Thursday, December 09, 2004

Sympathy for the devil.

The following piece will run on soon:

Seconds: Perfect Moments in Pop
"Sympathy for the Mekons" 1:09-3:02
Mekons, The Mekons Honky Tonkin'
Twin Tone 1987

The Mekons Honky Tonkin' is a major pivot point in the career of these Leeds art school punks turned shambolic collective of folk rock artistry. Itself the culmination of the great trio of "country" inflected records (1985's Fear and Whiskey and 1986's The Edge of the World are the other two), the CD looks forward to the move to Rock 'N' Roll. This pivot happens late on the disc when "Sympathy for the Mekons" spins listeners out of a straightforward feel into "danceband on the edge of the world" territory. The rest of the disc becomes a veritable encylopedic reference to various folk musics: amongst other things Northern Industrial brass bands (see Brassed Off). a traditional 19th century protest song�"Trimdon Grange Explosion," Music Hall/Tin Pan alley effects, waltz time, dirges, two steps, reels, Honeyman hard fiddlin' not really heard again until The Mekons' Rock 'N' Roll, and, apropos Jimmy Rodgers, a West Yorkshire yodel ("Please Don't Let Me Love You").

"Sympathy for the Mekons" is nothing less than a revelation from the moment Jon Langford warbles "Here's to a band that deals in the facts of life / In their ten short ugly years/ I wish the Mekons good fortune." Really the song is nothing more than a traditional Medieval vice parade of Pride, Lust Fever, Plague and riding behind on a pig the devil hisself. A la Robert Johnson, the Mekons apparently met Ol' Scratch at the crossroads where he "sold them fame and riches -- and good health." The song of course alludes in its title and lyrics to the famous Stones' Altamont death number. But unlike that tune, it's not at all clear who the narrator of his song is. Surely not the Devil! Jon Langford then, but he's a mekon and the pronouns don't work? Some kind of Chief Magistrate? Maybe that's what the last line business about "Chief Constable back on your head now" is all about? God (and not necessarily a benevolent one)? Trying to unravel the mysteries of the Mekons apocalyptic edge-of-the-world vision is a bit like untangling William Blake's mythography. Threads come apart but where exactly does each one lead? The next song "Spit" seems like some kind of doxological benedictus. This ambivalent mystery is but part of the special appeal of this Perfect Moment in Pop.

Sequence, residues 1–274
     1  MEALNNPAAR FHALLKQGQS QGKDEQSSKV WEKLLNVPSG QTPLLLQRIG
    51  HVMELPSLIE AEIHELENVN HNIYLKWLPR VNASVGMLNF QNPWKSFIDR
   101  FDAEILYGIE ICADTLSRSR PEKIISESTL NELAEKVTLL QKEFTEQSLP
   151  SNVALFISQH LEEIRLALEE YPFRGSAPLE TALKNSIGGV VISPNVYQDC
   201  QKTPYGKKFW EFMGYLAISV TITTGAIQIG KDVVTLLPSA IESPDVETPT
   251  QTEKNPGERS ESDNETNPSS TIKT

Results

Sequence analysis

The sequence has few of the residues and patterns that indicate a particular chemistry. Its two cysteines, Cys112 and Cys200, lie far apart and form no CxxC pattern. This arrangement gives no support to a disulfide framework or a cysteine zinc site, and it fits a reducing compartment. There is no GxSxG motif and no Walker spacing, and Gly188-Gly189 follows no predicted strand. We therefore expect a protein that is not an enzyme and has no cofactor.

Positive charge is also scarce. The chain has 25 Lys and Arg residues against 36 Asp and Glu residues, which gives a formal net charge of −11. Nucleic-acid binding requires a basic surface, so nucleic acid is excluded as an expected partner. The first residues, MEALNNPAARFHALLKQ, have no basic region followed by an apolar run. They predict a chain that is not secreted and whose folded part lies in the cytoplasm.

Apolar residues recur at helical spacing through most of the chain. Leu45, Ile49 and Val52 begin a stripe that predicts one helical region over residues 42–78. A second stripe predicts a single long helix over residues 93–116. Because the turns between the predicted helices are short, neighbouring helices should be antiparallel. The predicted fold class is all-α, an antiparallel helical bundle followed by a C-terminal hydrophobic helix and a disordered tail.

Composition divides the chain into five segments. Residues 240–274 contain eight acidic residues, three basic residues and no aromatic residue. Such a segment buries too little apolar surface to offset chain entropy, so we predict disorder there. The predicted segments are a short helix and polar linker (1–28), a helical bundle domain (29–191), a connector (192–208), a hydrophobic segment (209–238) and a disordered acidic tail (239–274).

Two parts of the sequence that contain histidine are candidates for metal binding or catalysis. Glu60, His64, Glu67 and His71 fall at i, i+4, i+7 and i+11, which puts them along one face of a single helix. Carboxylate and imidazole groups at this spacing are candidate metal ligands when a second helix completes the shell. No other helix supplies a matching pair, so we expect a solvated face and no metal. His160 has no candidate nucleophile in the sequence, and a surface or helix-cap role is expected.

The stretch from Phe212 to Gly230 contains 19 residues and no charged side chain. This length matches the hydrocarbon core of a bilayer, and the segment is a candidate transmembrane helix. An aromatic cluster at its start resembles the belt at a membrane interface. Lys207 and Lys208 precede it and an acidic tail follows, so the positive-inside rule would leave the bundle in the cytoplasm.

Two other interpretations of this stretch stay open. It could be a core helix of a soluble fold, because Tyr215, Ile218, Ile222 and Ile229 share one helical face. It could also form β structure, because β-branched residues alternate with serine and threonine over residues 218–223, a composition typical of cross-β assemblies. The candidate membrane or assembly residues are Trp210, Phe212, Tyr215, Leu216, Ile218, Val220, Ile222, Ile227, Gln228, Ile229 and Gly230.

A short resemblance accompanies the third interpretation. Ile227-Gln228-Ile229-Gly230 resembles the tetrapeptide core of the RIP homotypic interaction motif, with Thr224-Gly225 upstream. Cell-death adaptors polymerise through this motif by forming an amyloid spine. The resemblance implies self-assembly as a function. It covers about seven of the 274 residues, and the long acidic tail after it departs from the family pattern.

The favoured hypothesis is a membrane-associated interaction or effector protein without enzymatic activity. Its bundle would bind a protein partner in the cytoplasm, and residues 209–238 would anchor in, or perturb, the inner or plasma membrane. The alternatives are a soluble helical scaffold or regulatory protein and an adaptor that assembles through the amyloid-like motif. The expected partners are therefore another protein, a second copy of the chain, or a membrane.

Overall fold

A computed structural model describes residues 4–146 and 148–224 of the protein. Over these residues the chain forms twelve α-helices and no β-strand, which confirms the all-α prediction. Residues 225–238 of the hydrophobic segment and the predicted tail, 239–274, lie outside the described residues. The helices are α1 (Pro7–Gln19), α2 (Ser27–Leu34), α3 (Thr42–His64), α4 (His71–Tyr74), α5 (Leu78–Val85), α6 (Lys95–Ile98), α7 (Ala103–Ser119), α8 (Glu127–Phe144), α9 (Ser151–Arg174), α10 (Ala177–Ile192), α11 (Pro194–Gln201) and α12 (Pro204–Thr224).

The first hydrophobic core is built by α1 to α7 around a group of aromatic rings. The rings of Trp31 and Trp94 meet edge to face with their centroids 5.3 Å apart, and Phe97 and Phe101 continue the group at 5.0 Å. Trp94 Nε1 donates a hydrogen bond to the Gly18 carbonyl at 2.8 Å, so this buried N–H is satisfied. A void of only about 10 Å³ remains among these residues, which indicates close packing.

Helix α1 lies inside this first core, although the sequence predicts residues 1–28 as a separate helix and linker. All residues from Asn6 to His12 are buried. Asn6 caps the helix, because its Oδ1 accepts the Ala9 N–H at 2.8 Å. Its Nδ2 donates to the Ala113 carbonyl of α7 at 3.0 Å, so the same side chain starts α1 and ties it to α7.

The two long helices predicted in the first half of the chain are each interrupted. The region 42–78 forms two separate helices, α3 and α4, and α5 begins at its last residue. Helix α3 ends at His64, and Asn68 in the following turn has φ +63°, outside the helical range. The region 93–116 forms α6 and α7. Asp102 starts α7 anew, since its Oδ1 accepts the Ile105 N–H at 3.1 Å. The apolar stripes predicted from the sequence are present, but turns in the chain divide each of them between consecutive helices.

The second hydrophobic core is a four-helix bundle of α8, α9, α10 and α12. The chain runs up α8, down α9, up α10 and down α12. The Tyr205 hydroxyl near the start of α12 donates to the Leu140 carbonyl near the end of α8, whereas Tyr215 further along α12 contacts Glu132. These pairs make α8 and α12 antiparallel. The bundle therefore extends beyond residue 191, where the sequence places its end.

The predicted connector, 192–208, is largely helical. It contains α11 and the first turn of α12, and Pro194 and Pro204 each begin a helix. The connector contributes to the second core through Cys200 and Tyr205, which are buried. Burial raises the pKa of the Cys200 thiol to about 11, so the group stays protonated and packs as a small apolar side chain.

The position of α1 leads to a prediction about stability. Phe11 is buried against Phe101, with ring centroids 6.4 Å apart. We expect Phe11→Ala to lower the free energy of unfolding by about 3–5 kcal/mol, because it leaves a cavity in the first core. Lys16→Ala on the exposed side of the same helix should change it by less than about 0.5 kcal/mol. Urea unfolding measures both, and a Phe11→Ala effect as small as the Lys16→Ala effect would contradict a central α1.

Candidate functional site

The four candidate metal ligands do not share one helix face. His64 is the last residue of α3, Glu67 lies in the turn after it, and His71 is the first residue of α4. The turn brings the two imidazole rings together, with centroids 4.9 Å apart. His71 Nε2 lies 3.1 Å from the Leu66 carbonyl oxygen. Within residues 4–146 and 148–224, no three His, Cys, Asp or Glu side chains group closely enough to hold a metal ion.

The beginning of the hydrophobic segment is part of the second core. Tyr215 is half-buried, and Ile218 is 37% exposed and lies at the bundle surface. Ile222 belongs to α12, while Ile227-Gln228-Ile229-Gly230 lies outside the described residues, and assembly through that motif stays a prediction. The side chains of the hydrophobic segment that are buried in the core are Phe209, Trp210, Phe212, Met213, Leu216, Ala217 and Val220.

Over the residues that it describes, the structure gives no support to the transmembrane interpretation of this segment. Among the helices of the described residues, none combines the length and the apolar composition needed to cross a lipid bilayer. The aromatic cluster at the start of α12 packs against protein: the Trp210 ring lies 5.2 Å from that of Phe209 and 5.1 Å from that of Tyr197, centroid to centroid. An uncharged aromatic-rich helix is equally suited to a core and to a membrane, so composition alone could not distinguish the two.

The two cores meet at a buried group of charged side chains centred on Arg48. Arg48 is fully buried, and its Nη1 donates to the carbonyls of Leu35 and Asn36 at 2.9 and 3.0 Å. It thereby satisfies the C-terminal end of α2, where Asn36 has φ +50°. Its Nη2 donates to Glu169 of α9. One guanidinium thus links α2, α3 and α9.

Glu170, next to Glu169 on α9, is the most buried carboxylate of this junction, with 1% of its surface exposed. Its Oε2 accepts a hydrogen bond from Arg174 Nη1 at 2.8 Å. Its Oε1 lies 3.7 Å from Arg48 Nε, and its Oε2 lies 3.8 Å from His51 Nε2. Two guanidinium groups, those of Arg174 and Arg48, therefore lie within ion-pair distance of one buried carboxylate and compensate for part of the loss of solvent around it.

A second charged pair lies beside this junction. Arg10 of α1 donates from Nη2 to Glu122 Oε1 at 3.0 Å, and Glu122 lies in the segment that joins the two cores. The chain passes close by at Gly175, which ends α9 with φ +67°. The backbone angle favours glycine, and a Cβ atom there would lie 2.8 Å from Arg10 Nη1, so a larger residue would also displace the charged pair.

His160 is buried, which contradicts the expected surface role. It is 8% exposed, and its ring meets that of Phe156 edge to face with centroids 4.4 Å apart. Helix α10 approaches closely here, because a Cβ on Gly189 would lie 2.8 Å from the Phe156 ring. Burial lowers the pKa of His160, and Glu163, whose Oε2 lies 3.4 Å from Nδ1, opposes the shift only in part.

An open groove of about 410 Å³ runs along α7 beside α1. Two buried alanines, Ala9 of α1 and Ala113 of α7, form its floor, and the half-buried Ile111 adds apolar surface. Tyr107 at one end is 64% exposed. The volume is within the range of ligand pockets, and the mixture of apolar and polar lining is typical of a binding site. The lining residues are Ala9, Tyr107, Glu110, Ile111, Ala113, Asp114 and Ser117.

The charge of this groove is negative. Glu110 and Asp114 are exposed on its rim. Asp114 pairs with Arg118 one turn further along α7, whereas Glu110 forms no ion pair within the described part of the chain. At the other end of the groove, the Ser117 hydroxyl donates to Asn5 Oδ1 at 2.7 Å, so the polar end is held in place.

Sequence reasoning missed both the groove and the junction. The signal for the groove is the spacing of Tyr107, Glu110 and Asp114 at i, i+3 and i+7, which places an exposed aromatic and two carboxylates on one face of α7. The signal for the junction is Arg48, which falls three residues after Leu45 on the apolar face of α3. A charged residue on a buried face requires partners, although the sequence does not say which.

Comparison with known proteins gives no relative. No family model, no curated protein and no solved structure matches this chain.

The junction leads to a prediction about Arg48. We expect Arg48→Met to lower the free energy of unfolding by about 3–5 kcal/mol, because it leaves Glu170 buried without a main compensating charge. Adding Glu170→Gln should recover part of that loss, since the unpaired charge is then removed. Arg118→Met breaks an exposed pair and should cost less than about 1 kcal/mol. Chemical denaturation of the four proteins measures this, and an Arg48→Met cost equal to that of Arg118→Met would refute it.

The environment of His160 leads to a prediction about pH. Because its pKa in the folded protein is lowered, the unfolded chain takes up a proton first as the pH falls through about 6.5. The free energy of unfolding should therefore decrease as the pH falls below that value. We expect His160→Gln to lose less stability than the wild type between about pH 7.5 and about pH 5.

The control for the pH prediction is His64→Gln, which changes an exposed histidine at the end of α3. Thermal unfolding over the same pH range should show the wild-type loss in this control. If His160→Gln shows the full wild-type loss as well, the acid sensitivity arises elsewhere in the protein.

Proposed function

Click here to hear the audio version.

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